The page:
Report to the Treasurer and Minister of revenue - by a committee of experts on tax compliance

Bill Birch Treasurer

Report to the Treasurer and Minister of revenue

By a committee of experts on tax compliance



8.1 In this chapter, the committee looks at the role of disclosure in a self-assessment environment. Self-assessment relies on taxpayers voluntarily meeting their tax obligations. This concept is recognised in section 15B of the Tax Administration Act 1994, which sets out taxpayers' primary obligations, and clearly spells out that taxpayers are required to determine the amount of tax payable correctly and to pay it on time.

8.2 Disclosure in this context serves two main purposes. First, it is necessary to provide information for audit selection. Secondly, disclosure is relevant to the issue of the abatement of penalties.

8.3 Taxpayers have a statutory obligation to disclose to the Commissioner in a timely and useful way all information required to be disclosed under the tax laws139. Disclosure here covers items specifically required to be disclosed by statute140, and items for which disclosure is required by the Inland Revenue Department. For income tax, under section 33 of the Tax Administration Act 1994, the department requires a complete statement of the taxable income of the taxpayer for the preceding year, together with such other particulars as may be prescribed. The department's disclosure expectations cover any requirements set out in a particular tax return, in the guide accompanying a particular tax return, or matters for which a specific disclosure form is prescribed. The Commissioner can also require specific taxpayers to disclose particular information under provisions such as section 17 of the Tax Administration Act 1994. These categories are referred to below as required disclosures.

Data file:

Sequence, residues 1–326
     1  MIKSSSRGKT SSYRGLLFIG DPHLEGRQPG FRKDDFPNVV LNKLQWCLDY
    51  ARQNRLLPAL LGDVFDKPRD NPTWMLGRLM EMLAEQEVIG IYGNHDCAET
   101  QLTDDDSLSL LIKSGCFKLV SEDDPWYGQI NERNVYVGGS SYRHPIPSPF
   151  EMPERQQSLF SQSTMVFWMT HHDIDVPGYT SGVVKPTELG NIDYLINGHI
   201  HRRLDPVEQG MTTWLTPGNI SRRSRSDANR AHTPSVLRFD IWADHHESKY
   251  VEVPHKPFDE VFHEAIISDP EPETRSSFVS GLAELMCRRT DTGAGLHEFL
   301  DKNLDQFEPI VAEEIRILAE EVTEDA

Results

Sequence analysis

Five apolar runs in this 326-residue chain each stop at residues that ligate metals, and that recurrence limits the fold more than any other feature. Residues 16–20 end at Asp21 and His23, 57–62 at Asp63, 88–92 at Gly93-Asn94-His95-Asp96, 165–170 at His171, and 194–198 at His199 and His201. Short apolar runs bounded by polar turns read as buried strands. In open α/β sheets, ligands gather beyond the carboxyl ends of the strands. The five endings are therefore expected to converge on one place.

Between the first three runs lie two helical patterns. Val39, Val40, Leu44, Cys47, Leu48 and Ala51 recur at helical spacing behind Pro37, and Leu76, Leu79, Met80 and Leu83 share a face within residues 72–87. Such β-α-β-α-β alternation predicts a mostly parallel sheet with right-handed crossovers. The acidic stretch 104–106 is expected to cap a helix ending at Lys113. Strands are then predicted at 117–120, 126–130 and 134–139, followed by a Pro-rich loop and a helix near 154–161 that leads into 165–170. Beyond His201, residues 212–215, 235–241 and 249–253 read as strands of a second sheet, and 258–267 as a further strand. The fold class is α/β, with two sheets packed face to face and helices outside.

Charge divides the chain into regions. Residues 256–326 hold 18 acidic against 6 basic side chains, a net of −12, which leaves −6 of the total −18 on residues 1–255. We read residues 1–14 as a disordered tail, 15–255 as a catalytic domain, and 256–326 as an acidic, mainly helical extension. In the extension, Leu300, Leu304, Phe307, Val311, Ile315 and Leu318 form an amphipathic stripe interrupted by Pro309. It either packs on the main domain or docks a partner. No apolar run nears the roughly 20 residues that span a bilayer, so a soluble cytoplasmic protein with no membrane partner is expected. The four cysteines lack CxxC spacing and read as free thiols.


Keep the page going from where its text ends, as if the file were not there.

8.4 The committee recommends that section 15B(e) of the Tax Administration Act 1994, which states that taxpayers must disclose to the Commissioner in a timely and useful way all information required to be disclosed under the tax laws, should be amended to identify the different categories of required disclosures: information specifically required by statute, information required by the department in a prescribed form, and information requested by the department from specific taxpayers.

8.5 Generally, apart from required disclosures, taxpayers are not obliged to disclose information, but anything that is disclosed must not be misleading. Sanctions may be imposed for deliberately misleading disclosures, and taxpayers open themselves up to the risk that a deliberately misleading disclosure could suggest tax evasion on their part.

8.6 An intent to evade may also be inferred from a failure to disclose relevant information to the Commissioner141. The risk also arises that defaults of this nature may preclude the application of a time bar.

8.7 Even for required disclosures, some real issues arise, including the way in which the obligations to disclose are affected by e-filing procedures, and the use of e-filing under self-assessment. In practice, under e-filing, it appears that the Inland Revenue Department accepts that if the approved software does not ask for the information, it is sufficient that the information is on the taxpayer's own files and available for examination by the department.

8.8 This acceptance leaves open, however, whether, and to what extent, availability must be within a reasonable proximity to the taxpayer's own tax-file. Many advisers insist on forwarding to the Inland Revenue Department hard copies of documents making any required disclosures not accommodated by the e-filing software, to avoid any risk the department will state later that disclosure was not made as required. Clearly, that taxpayers and their advisers consider they may have to act in this way is unsatisfactory, as it defeats the benefits in efficiency contemplated by e-filing.

Disclosure in the self-assessment environment